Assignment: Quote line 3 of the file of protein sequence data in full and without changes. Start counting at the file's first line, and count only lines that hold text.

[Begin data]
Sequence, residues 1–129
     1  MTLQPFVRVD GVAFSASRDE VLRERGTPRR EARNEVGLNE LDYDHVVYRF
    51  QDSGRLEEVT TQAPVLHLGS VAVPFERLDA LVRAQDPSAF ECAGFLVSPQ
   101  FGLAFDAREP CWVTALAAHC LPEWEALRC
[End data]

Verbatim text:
    51  QDSGRLEEVT TQAPVLHLGS VAVPFERLDA LVRAQDPSAF ECAGFLVSPQ